Allow me to elaborate with some personal examples. I was shaped somewhat by the congregation I grew up in. Though I have moved away from some of what I was taught in that small, rural, conservative congregation, in some degree I am still shaped by the particular light that I let shine through me during those formative years. One example of that shaping is a profound love of the Bible which has never changed, even though I interpret the Bible much differently than I did back then. Then I was shaped because I chose to attend East Tennessee State University rather than a small church-related college that I could have attended. I feel that I gained a much broader and more balanced view of life, religion and the world at ETSU than I might have at a small Bible or church-related college. I was shaped because I chose to attend Memphis Theological Seminary, a theologically moderate seminary, in a way that I wouldn’t have been had I attended a closer-to-home, more conservative seminary that I could have attended and where I actually took a couple of courses, or if I had attended the more liberal Vanderbilt Divinity School, which I considered attending for a time. And then I was shaped again because I chose to study for a Doctor of Ministry degree at Meadville Lombard Theological School in Chicago, a theological school just as liberal as the first seminary where I took a couple of courses was conservative. Through all of my experiences, I have been shaped by the light I allowed to shine through me in a way I would not have been had my life gone in another direction. So it is with each of us and the choices we make.
Such leads us to think about how the world is different because of the particular light that people let shine through them. Such can turn out for either good or ill. For instance, I think of the great Methodist leader, John Wesley, whose heart “was strangely warmed” as he listened to someone read Martin Luther’s commentary on Romans, and then how his life was changed again as he listened to Moravian missionaries sing during a treacherous voyage across the Atlantic Ocean. Wesley, because of the light he let shine through him, changed the course of the world with his impassioned preaching and the founding of the Methodist Church, the second largest Protestant denomination in America. Then I think of someone more contemporary like Wade Michael Page who let the “light” (if we could call it light) of Neo-Nazi teachings and hate rock lyrics shine through him, resulting in him entering the Sikh Temple in Oak Creek, Wisconsin, on August 5, taking six innocent lives and wounding several others. Each of us is shaped—for good or for ill—by the outside influence we allow to shine into us and through us. And so, the teaching of Jesus becomes clearer, when he said, “when your eyes are no good, your whole body will be in darkness. . . Make certain, then, that the light in you is not darkness.”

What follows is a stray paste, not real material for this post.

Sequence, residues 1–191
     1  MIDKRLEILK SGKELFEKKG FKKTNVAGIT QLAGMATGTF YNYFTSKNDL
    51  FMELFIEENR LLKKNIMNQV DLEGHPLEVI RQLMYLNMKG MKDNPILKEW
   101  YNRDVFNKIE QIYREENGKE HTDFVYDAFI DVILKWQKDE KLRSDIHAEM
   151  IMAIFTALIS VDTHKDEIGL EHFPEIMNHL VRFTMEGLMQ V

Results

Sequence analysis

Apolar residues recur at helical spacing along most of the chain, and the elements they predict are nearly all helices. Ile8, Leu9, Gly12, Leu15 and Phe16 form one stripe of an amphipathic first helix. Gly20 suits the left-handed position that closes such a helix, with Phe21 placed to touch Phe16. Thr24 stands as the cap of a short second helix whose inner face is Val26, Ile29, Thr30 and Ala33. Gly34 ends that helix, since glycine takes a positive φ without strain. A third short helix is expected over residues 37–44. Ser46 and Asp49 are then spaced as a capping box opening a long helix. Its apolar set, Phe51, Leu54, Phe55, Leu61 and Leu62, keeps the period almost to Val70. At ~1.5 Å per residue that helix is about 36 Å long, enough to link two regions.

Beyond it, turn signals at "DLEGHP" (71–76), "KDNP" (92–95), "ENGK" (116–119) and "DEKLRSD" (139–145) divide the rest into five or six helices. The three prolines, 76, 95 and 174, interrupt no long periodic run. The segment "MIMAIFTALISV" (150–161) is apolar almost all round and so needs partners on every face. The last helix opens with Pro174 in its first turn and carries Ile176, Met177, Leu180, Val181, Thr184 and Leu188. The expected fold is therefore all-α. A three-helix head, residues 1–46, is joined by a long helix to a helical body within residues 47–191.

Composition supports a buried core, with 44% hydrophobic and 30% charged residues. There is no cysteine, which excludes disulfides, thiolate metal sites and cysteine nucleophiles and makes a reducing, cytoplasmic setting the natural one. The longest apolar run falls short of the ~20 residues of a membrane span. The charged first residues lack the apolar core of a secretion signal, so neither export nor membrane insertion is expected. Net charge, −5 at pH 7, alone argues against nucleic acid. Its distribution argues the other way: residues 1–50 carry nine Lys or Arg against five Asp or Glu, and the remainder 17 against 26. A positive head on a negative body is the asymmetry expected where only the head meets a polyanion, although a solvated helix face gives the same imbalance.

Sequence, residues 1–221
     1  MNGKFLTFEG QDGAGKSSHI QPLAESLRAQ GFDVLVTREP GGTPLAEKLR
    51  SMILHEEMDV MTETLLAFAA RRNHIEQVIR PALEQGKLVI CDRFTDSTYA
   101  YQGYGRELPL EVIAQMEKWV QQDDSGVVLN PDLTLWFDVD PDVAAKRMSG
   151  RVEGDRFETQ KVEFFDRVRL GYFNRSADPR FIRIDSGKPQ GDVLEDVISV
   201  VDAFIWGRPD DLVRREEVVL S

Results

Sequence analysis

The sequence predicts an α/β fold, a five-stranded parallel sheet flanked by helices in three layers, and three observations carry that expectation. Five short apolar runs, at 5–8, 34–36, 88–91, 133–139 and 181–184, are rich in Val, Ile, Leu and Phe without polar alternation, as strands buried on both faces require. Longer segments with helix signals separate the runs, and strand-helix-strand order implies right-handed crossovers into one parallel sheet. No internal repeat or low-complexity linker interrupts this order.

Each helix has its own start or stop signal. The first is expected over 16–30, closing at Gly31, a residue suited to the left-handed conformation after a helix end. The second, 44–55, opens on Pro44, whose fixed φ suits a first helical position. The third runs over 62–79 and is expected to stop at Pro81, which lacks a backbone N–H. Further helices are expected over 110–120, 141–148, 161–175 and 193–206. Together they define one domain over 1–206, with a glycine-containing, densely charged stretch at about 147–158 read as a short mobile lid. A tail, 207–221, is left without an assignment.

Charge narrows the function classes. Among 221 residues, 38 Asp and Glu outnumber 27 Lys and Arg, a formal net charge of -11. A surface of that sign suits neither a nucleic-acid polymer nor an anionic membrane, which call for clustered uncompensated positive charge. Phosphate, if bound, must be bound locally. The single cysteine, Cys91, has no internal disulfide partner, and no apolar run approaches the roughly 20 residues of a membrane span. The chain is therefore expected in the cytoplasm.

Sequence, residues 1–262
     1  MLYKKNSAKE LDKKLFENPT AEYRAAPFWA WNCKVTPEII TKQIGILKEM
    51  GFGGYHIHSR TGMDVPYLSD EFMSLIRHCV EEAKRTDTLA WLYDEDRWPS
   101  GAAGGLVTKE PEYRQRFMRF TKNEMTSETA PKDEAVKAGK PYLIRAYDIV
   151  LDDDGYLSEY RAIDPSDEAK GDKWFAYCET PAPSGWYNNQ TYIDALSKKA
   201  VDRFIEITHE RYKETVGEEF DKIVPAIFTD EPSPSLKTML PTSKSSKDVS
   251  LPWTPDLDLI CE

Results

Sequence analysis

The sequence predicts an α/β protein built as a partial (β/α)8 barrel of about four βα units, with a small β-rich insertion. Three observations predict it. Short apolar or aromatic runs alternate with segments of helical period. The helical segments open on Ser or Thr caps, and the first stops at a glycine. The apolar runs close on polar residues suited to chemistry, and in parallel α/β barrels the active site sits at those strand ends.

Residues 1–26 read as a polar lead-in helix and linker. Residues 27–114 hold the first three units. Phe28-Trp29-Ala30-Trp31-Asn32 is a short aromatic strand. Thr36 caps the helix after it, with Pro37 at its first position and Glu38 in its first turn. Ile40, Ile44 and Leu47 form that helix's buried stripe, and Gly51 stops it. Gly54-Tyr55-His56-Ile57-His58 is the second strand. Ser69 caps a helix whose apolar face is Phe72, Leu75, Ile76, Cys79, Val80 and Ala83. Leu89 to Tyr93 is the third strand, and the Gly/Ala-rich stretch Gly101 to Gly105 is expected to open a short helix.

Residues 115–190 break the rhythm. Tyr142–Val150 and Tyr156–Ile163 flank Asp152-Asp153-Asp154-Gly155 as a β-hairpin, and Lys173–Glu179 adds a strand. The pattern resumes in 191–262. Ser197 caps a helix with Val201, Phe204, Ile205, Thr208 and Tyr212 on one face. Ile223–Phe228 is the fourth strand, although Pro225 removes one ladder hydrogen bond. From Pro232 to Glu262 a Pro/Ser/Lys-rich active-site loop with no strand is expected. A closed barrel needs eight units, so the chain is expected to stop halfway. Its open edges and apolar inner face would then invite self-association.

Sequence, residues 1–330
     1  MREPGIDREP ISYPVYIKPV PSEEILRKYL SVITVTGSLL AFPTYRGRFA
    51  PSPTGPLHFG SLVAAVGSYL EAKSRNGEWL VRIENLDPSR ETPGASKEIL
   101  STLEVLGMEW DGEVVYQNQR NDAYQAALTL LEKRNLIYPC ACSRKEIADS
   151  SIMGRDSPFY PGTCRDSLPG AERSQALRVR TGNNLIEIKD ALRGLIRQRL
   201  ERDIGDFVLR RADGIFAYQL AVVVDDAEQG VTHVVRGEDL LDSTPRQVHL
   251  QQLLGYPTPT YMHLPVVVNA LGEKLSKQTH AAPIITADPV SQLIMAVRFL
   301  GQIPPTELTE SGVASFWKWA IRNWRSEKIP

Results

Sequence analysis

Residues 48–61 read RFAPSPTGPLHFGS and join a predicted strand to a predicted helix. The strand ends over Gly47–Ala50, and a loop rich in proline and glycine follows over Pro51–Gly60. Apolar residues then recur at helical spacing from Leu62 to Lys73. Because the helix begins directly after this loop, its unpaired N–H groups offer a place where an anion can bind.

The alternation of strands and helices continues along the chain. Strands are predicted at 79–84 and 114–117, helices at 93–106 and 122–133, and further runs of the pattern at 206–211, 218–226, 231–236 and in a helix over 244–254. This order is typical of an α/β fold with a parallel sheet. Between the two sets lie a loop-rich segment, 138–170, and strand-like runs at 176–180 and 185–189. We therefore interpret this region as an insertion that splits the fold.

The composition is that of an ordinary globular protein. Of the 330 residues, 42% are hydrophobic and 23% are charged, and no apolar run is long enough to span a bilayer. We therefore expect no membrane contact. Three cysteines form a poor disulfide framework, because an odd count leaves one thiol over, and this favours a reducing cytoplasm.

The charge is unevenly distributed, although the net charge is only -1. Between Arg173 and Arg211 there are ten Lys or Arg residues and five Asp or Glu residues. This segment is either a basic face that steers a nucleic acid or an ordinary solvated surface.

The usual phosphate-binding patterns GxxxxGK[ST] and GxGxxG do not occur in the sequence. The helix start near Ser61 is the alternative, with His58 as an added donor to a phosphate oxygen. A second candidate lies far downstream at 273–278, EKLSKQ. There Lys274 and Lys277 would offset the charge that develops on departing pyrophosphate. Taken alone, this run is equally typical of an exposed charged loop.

The sad truth is, sometimes we have no control over the light (or darkness) that is around us and that is absorbed into our lives. For instance, the nature of a person’s job environment or family situation may be such that more darkness is prevalent than light. What does a person do under such circumstance? How do we self-regulate so that we are not overcome and influenced by dark influences rather than light influences? Perhaps part of the answer is just being aware of the situation and consciously choosing to go to and draw strength from other places and sources where positive light can be had.
What it all boils down to, then, is every book we pick up to read, every class or seminar or lecture we attend, every show we watch on television, or every talk radio program we listen to on the radio is emitting a particular kind of “light” that we are allowing to fill our minds and hearts. Now, this is not to say that we should be close-minded and not open to new ideas. Such certainly has not been the case in my own life. Because I was open to more progressive ideas, my life has been made all the richer. But it is to say that we should at least be cognizant of the influences—some of them subtle and subconscious—that we allow to infiltrate our minds and become part of who we are. And maybe sometimes we should exercise a little discretion and selectivity in what we see and hear, and consciously seek out that which is positive. Because whether we realize it or not, we are, indeed, shaped by the light we let through us. Amen.